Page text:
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| March 3, 2015

Finding the Common Language between Public-Private Partnerships

[Originally posted on UN Foundation’s Global Connection blog here]

This blog is part of the Innovation Working Group mHealth Catalytic Grant series, highlighting the impact of mobile technology on global health and development. Learn more about the 26 mHealth projects funded under the IWG mHealth grants program here

Last week, I attended Mobile Learning Week, organized by UNESCO, which brought together a diverse range of stakeholders to discuss how to further women and girls through mobile technology. Of course, the usual suspects from development organizations were in attendance, but so were a large number of private sector players such as Intel, VimpelCom, Microsoft and Alcatel-Lucent, among others.

Though the recent fascination with public-private partnerships has mostly focused on discovering for-profit sustainable models, corporations have much more to offer to the development space. Whether it is bringing a competitive spirit to tackling development challenges (by supporting international competitions such as X-Prize) or employing the latest high-end technology in delivering education solutions with UKAID, as is the case of Avanti and Discovery, for-profit corporations are making their presence felt.

Mobile Learning Week had a clear message that private sector partnerships are not simply a fickle trend, but will pave the way, especially when it comes to mobile enabled services. In addition to bringing cutting edge technology, the private sector is increasingly seen as offering operational expertise to attain and manage scale through its efficient use of human capital and organization resources.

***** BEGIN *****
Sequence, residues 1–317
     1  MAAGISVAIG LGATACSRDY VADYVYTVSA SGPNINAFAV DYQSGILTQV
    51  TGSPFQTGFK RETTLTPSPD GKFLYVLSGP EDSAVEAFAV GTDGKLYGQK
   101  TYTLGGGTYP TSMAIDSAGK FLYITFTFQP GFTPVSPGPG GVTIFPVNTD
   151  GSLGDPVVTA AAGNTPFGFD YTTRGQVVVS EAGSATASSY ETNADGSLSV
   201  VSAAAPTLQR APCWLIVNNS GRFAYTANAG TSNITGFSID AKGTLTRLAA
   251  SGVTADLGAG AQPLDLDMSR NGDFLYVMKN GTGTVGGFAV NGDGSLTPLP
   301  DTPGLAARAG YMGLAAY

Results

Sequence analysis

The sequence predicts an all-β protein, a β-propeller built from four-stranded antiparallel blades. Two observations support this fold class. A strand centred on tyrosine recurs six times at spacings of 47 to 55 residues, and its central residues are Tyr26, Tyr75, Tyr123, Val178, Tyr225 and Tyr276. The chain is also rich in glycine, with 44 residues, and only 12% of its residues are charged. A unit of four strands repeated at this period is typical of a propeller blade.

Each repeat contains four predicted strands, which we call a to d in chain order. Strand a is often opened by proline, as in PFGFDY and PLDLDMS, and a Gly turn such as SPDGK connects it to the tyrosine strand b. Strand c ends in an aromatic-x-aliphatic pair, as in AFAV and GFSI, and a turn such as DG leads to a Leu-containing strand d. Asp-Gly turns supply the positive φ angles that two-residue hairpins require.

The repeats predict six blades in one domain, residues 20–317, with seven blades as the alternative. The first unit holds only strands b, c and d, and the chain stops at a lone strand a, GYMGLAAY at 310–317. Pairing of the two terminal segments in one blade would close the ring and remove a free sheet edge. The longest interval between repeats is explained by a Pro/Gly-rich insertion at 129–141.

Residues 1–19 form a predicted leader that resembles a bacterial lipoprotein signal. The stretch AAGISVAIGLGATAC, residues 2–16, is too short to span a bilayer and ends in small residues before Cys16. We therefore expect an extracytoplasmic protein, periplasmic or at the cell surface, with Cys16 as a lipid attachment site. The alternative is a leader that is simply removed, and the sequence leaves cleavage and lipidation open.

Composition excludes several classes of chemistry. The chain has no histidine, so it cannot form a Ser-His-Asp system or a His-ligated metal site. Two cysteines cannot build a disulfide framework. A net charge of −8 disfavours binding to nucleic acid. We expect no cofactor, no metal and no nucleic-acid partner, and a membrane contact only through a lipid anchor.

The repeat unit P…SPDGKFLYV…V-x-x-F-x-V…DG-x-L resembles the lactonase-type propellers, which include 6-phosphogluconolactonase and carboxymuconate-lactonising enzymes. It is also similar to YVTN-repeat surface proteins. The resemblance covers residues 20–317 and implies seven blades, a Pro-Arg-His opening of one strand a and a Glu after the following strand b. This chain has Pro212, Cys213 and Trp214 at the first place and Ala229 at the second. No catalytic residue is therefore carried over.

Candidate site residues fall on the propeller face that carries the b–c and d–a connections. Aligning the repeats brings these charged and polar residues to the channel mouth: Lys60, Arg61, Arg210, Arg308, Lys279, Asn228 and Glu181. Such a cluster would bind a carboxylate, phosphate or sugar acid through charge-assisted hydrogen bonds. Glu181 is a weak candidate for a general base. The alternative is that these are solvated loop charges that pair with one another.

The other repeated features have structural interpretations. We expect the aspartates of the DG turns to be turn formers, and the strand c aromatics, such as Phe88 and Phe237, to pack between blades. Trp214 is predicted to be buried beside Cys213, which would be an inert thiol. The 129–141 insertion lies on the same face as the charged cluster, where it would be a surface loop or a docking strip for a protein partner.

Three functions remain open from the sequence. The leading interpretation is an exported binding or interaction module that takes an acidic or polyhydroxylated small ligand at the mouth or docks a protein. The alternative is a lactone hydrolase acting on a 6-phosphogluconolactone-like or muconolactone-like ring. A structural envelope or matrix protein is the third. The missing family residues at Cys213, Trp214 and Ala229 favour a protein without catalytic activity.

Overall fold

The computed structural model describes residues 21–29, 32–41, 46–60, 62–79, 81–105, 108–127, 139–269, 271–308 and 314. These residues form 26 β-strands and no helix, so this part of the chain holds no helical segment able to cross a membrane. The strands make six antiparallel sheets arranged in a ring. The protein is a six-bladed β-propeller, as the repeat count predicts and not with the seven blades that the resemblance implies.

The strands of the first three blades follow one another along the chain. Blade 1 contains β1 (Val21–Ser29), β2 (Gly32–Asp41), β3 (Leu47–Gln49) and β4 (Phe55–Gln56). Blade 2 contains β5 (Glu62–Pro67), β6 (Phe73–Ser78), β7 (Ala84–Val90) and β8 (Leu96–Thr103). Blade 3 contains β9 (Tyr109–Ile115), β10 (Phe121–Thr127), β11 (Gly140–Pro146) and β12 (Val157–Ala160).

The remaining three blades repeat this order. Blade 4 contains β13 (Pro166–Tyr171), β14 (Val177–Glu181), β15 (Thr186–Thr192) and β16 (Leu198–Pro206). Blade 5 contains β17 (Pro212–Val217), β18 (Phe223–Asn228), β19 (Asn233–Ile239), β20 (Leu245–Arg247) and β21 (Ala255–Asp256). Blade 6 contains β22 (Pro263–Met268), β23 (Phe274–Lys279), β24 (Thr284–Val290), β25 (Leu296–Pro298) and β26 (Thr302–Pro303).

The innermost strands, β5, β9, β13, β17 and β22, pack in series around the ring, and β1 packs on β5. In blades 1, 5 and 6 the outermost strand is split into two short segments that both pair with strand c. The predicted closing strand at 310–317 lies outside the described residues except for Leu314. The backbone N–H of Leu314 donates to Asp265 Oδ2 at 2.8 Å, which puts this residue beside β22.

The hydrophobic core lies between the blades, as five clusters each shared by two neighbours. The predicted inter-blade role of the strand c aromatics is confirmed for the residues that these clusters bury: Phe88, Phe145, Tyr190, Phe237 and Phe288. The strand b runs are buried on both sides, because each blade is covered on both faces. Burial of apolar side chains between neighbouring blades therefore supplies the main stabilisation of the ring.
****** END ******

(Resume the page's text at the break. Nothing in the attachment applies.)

The Challenge: What is the right evidence?

Though numerous partnerships are emerging, their life beyond pilots and isolated projects seems uncertain. Herein lies the disconnect: both partners are looking for differing evidence. On one hand, the development organization is looking to understand total impact – not just immediate quantifiable aspects – but deeper enquires into quality of life. The private sector partner, on the other hand, is looking for evidence through clear performance dashboards, evaluating whether there is a viable underlying business model.

Even though there is no lack of commitment by both partners, the lack of a common language for measuring performance is preventing some partnerships from going from pilot to achieving sustainability.

A step in the right direction

The solution lies in discovering the intermediate stage between the business performance milestones used by private sector, and detailed methods and evaluation approach undertaken by the development organization.

In our own work with bringing CycleTel Humsafar and CycleTel Family Advice to market via a commercial partnership, we are trying to include performance metrics right at the program design stage to achieve two-fold objectives. First, we aim to create a body of knowledge that can be used throughout the mHealth space and second, we are trying to deepen insights supported by quantitative data so that we can progressively keep improving our services.

We have just launched the first phase of the CycleTel Family Advice service and look forward to sharing data on our performance over the course of the year.

Charu Chadha works for the Institute of Reproductive Health at Georgetown University. She is currently managing and expanding the India operations for CycleTel – an mHealth service developed and incubated by IRH. Charu has an MBA from the University of Oxford and rich experience in the social enterprise space. She was previously a Shell Foundation Social Entrepreneurship Fellow and an Acumen Regional Fellow.


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